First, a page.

Feds investigating Cruise's driverless cars

Federal auto safety regulators have opened a probe into Cruise, which operates self-driving cars in San Francisco. 

The National Highway Traffic Safety Administration says it's looking into whether the autonomous vehicles are safe enough for pedestrians. 

It comes in response to two reports from the company, which is owned by General Motors, about incidents where pedestrians were injured by cars from the Cruise fleet. 

It includes one instance where a pedestrian was first hit by a car driven by a human and then got run over by a Cruise car in San Francisco earlier this month. Cruise denied that it was to blame for that crash.

The other incident under investigation occurred on August 26 when a pedestrian allegedly stepped into a crosswalk in front of a Cruise car even though the light was green for the driverless car, according to Cruise. The pedestrian was hit by the car which was traveling between 1.4 miles per hour, Cruise said.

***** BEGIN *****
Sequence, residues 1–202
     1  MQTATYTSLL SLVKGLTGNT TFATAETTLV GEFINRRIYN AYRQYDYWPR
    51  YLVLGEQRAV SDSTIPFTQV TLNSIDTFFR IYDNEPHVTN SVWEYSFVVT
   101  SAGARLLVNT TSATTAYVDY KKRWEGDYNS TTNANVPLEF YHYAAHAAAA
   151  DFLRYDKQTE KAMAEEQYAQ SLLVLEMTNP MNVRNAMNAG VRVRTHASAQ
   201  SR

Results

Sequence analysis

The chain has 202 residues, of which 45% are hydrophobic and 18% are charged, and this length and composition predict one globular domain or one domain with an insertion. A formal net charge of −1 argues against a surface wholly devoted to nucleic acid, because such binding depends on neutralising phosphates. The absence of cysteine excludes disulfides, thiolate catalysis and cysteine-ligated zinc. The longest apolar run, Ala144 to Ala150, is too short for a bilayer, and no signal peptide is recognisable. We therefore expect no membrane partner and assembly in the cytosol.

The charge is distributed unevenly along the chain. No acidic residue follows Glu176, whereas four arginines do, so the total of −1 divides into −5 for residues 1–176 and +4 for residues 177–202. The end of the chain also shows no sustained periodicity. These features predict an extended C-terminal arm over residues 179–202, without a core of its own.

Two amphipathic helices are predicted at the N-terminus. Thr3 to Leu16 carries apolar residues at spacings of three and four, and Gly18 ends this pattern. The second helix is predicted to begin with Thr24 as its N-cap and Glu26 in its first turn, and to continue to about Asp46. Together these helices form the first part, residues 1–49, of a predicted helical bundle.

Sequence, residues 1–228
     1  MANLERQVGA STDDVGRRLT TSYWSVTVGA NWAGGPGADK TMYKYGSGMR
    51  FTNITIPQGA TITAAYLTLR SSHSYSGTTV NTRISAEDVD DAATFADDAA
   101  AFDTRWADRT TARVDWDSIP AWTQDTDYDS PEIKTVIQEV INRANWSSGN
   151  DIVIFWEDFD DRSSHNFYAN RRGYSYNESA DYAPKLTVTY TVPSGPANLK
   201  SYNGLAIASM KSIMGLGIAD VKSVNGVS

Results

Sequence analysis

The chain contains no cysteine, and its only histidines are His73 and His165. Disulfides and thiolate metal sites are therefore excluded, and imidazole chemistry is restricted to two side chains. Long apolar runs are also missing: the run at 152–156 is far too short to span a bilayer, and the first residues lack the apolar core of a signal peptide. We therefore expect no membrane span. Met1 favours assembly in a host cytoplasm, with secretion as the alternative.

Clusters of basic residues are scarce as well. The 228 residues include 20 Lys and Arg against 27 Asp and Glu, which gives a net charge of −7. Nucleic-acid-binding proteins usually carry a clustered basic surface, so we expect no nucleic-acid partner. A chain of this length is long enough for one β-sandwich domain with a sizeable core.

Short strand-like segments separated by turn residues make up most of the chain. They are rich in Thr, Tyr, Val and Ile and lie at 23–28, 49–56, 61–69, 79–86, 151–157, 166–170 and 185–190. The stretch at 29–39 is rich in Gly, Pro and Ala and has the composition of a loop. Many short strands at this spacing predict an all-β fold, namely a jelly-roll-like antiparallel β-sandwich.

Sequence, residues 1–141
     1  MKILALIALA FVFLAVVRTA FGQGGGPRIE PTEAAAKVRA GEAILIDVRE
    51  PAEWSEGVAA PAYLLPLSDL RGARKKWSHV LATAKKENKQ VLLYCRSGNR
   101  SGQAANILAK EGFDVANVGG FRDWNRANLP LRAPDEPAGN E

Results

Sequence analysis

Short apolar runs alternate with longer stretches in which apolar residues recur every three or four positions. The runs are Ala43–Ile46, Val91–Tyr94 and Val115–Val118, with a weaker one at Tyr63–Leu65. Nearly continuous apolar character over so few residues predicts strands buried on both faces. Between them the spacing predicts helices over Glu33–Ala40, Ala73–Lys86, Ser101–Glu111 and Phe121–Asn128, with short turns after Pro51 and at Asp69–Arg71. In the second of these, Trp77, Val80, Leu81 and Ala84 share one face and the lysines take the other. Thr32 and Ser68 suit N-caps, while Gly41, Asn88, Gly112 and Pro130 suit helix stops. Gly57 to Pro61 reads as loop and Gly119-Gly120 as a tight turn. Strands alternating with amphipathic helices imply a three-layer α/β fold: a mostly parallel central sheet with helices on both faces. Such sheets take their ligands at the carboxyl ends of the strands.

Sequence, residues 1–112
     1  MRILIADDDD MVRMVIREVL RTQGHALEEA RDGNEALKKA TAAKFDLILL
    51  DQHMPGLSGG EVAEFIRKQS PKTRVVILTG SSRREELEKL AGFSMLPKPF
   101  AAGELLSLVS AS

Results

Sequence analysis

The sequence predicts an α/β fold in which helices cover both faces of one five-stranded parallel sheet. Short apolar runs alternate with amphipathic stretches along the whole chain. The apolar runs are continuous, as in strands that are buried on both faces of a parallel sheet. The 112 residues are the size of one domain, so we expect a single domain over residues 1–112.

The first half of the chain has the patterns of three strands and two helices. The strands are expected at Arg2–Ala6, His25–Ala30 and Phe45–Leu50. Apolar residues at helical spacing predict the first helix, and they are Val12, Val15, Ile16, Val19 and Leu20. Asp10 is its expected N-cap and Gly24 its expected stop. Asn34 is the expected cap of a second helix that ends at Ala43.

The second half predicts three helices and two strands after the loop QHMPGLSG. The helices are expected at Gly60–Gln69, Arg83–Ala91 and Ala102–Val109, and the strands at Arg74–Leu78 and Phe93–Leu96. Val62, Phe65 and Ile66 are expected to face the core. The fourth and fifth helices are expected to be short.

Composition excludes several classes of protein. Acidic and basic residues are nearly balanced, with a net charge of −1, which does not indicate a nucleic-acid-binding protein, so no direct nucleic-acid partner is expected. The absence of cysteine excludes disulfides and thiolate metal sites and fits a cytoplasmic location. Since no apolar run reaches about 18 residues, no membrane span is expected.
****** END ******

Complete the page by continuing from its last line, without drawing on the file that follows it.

"Cruise communicates regularly with NHTSA and has consistently cooperated with each of NHTSA'S requests for information – whether associated with an investigation or not – and we plan to continue doing so," said Cruise spokesperson Hannah Lindow in an email to KTVU.

Cruise and Waymo, a competitor in the self-driving car business, both won approval to expand their services in San Francisco from state regulators in August. 

But criticism of the companies has also grown as witnesses have posted numerous videos of autonomous vehicles blocking intersections and hindering the work of emergency responders.